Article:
What Is the Microbiome?
Writing in The New Yorker on Oct. 22nd, Michael Specter explains the amazing new discoveries about the bacteria, viruses and fungi that colonize our bodies and affect our health. His article, Germs are Us, starts out with a discussion of the bacterium Helicobacter pylori (H. Pylori), found in the stomach of half the people on earth. While on the one hand it is a principal cause of gastric and peptic ulcers, and is associated with an increased risk of stomach cancer, its longevity in the human species, at least 200,000 years, makes it likely that it also plays a positive role in human evolution. Specter explains that we are inhabited from birth (the birth canal, mother’s skin, other people, all our surroundings) with a hundred trillion or more microorganisms. These microbes are in our mouths, digestive tracts, and skin – some 10,000 bacterial species, with a weight of about 3 pounds. They help us digest our food, manufacture vitamins in the colon (biotin and Vitamin K), and help our immune systems prevent infections. While the genes we inherit play a role in our health and disease, so does the microbiome. The human body can be seen more as a ‘vast, highly mutable ecosystem …. than like an individual assembled from a rulebook of genetic instructions’. Streptococcus mutans, in the mouth, is a principal cause of tooth decay, releasing acid when we eat sugar. Dentists are working on a number of measures to control this bacterium, including chlorhexidine and xylitol chewing gum. The bacterium Lactobacillus sakei may be capable of warding off sinusitis; this bacterium is destroyed by antibiotics. While antibiotics are ‘the signature medical achievement of the 20th century, and have saved millions of lives’, there is a downside to their use in terms of our microbiome. People without H. Pylori in their gut seem to be more sensitive to allergens, and are more likely to have had asthma as children. Children born by C-section lack many microbes transferred in the birth canal. Research from Finland and Germany indicate that these children may have more allergies. There is also a strong relationship between the presence of H. Pylori and two stomach hormones that control appetite. Ghrelin induces eating, and leptin suppresses the appetite. People whose stomachs have H. pylori have less ghrelin after a meal and stop eating; people without it may not get the message to stop and become obese. The reason that animals (poultry, cows and pigs) fed with antibiotics gain weight faster may have more to do with this mechanism than with treatment of illness. About 40% of children treated with broad-spectrum antibiotics develop diarrhea – and treatment with a probiotic (good bacteria for the gut) may prevent this disease. About 10% of people carry a bacterium called Clostridium difficile (C. difficile), which is normally held in check by other bacteria in the gut. When given antibiotics, people with C. difficile can develop severe, life threatening diarrhea and gut inflammation. Researchers are now using a technique called fecal transplant, in which they take intestinal bacteria from healthy donors and place them in the patient’s intestines. Cures have occurred with this treatment when nothing else has worked.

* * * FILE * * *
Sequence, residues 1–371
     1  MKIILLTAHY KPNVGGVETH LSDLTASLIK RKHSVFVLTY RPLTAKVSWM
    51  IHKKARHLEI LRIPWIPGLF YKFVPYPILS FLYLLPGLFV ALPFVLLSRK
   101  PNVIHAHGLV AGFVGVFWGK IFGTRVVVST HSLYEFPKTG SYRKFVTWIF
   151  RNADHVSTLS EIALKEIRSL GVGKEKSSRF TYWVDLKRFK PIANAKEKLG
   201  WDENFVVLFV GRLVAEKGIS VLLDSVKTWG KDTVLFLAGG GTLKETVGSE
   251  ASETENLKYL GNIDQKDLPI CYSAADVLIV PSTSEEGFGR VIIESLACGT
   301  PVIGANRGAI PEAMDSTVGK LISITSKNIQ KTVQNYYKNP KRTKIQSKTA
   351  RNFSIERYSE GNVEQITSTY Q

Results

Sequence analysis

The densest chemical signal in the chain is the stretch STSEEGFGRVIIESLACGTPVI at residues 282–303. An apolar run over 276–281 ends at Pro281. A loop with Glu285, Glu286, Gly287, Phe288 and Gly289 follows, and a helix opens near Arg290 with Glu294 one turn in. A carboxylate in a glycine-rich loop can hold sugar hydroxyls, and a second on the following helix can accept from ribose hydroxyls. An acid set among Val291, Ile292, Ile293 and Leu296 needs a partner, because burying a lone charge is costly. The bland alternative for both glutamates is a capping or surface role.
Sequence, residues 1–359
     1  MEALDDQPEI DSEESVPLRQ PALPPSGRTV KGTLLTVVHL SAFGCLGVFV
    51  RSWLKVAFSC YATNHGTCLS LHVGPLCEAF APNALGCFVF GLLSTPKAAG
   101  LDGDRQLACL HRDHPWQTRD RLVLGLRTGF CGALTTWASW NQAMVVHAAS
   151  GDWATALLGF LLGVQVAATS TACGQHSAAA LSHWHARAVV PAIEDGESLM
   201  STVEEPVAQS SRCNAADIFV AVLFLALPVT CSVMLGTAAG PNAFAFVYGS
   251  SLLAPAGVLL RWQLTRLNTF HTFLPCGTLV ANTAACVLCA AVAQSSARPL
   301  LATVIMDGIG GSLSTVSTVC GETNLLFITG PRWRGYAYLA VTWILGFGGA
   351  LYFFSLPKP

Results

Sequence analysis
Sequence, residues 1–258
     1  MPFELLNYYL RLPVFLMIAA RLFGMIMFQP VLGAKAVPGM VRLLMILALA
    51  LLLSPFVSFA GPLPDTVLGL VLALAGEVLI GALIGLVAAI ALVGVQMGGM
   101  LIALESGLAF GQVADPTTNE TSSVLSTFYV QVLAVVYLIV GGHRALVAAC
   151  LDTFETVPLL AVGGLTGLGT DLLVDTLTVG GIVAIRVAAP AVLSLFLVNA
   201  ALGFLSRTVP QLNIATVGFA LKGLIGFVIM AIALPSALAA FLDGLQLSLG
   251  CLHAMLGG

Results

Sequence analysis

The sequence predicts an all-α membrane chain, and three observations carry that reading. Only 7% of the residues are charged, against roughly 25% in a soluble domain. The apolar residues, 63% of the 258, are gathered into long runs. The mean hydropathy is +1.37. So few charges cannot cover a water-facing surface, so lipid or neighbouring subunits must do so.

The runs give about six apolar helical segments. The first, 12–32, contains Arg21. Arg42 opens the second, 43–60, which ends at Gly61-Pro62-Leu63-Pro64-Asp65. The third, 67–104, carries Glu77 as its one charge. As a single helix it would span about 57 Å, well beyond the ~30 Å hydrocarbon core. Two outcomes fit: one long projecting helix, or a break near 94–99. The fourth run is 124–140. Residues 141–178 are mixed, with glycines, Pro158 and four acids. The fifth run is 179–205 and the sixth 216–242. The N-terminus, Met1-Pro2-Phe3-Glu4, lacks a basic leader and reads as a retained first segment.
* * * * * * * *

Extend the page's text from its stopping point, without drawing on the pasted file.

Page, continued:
Specter ends his article with cautionary advice on probiotics, which he considers over-advertised without backup research. In the future we may know more about beneficial bacteria, but at present he thinks there is insufficient knowledge to say which bacteria should be used. After reading this, I did a search of current medical research on the use of probiotics. There are considerable findings on the use of beneficial bacteria to decrease antibiotic induced diarrhea, in decreasing childhood allergy, in improving the outcome of patients undergoing surgery for colon cancer, in vaginal infections in women, in the management of adult-onset diabetes, and in many other areas. My own conclusion is that a daily probiotic capsule from a reputable supplement company, with or without the ingestion of high-quality unsweetened yogurt, can help to prevent many gastro-intestinal infections. Use antibiotics when they are needed for serious bacterial infections, but always be mindful of your own beneficial bacteria.
Sadja Greenwood M.D., MPH back issues on this blog